Of course I couldn't write this without trying it myself, so out I went with my spray bottle and white distilled vinegar (probably not organic but I was clear out in a field spraying and marking the weeds). I sprayed the weeds in late morning (for no particular reason, that's just when I did it) and checked late that afternoon. And I had some really pleasant surprises! I sprayed two sizes of Canada thistle (11" and 4") and the vinegar killed all the top growth; I sprayed Dalmatian toadflax and bracken fern, both noxious weeds out our way, and the vinegar didn't faze them in the least. I also sprayed both broadleaf plantain and English plantain, sizes 2" and 5" and the vinegar killed them dead. Our little schnauzer was allergic to English plantain and when I think of all the hours I spent digging those up when I could have been leisurely spraying vinegar, oh my. . . I don't have any yellow star thistle close by to test, but wouldn't it be wonderful if vinegar killed that too?
Another bit of research conducted was done on cornfields: spot spraying with 20% concentration killed 80-100% of weeds without harming the corn. This is an area where the scientists say they are actively continuing to do more research.
I talked with Kirk Arrasmith of Central Stores at WSU and they do have a couple of sizes (2.5 liter and 500 ml) of the higher concentrations of acetic acid. These aren't organic, however, but made for industrial use. But if you're interested in killing weeds around the driveway, sidewalk, etc. and just don't like chemicals, these will work fine. Just go to Central Stores on Grimes Way, pay for your product, get your receipt, and then proceed to Chemical Stores. They'll give you directions at Central Stores. Val, at WSU's Food Science and Human Nutrition, was very helpful in giving me contact numbers for the above-mentioned food companies: Knouse, at 717-677-8181; and Burn-Philip Foods at 800-443-1067. I would suspect that as this research progresses the availability of the higher concentrations of organic acetic acid will increase. I emailed Heinz USA about obtaining the higher concentrations of acetic acid but at press time I hadn't heard from anyone.
Pat Diaz lives on 6 acres in the woods near Dworshak Reservoir with her husband, Tom, and newly adopted schnauzer, Gunther. With all the rain and then the sun, the potatoes, tomatoes, and squashes are going nuts! © Copyright on articles, recipes and images are jointly held by the Moscow Food Co-op
and the respective contributors, except were otherwise noted. Return to Resource Page
Location: Lancaster, SC
Posted: May/21/2008 5:23 AM PST
I did the vinegar thing too one year, but a week later there were new weeds there to replace them. Arghhh! That's why I mulch with pine straw.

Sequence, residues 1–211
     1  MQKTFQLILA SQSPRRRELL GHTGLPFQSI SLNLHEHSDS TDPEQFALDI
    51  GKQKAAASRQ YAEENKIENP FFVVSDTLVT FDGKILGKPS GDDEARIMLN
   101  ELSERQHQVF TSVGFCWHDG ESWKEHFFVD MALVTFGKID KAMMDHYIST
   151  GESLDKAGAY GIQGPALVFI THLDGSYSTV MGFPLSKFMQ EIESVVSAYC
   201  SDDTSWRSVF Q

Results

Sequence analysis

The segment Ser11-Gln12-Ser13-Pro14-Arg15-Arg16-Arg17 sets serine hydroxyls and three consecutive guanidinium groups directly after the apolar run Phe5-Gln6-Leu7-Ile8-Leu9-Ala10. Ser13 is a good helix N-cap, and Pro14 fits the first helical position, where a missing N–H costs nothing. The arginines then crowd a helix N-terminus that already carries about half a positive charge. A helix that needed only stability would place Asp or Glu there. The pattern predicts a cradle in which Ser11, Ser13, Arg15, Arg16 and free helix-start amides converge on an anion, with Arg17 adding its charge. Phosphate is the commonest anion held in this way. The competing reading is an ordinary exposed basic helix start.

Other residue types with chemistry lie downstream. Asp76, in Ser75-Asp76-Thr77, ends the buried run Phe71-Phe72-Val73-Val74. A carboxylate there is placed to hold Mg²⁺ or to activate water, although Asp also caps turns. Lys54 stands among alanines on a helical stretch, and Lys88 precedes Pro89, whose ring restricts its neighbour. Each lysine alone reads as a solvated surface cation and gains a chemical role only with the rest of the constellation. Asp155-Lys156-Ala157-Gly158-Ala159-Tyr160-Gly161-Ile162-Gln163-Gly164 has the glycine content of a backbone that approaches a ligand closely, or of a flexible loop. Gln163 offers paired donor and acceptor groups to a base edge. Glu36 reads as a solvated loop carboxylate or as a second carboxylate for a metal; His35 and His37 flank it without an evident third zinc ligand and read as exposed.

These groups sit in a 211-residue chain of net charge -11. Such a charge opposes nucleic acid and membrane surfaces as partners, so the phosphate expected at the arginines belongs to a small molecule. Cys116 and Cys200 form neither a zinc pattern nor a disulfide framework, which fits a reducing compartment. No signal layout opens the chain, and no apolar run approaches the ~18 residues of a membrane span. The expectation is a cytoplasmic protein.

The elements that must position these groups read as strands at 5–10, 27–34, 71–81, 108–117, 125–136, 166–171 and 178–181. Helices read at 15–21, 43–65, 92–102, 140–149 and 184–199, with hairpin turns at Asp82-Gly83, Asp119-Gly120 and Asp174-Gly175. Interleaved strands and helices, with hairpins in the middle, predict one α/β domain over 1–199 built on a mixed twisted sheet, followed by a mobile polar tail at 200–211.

Posted: May/21/2008 5:38 AM PST
Originally posted by wittI did the vinegar thing too one year, but a week later there were new weeds there to replace them. Arghhh! That's why I mulch with pine straw.
What strength did you use? apparently you have to use more than one application, I have a huge spray can for spraying so I will be armed with my WMD'S in one and a popsicle in the next , did youuse a strong vinegar or ordinary kitchen grade of 5%?
Location: Lancaster, SC
Posted: May/22/2008 3:53 AM PST
It was not the normal household vinegar, but I can't remember now what the strength was. I'm sure it works great, but it's not a pre-emergent, I don't think. The seeds just pop up, but I guess that if you keep at it, you'll eliminate them eventually! I hope so!
Location: Westlake, La
Posted: May/22/2008 6:59 AM PST
I have used vinegar, too. And it is a quick fix to weed kill-however-it is not selective, will kill whatever vegetation it touches, and only kills the tops, not the roots, so they weed will come back.
Posted: May/25/2008 12:24 PM PST
Originally posted by carolyncat353I have used vinegar, too. And it is a quick fix to weed kill-however-it is not selective, will kill whatever vegetation it touches, and only kills the tops, not the roots, so they weed will come back.
Well I tried 20 liters of 15% acid vinegar yesterday, and guess what? I killed just about everything I sprayed and I used the nozzle to tap into the roots so it will kill from the root. I killed a variety of very hard to get rid of weeds, today I came back and I am like where are my weeds? They are all now the color of the earth, even tried it on the stubborn lawn grass, it nicked that one as well. So I will be buying like 40 literes each week and keeping it on hand, soon as I see the suckers pop up I will hack them.
Big problem is this, the neighbors are really HORRIBLE, their whole property is weed infested, they never mow or do anything so you can imagine all the seeds will keep coming right back in my property. I guess the problem can be diminished if you never let your weeds bolt, if you nick them before that, you can reduce the weeds to some point. Grass weeds are a monster I tell you. All I will do is keep at it, and anythign that annoys me and becomes troublesome, I will cut it down and put something more hardy in place.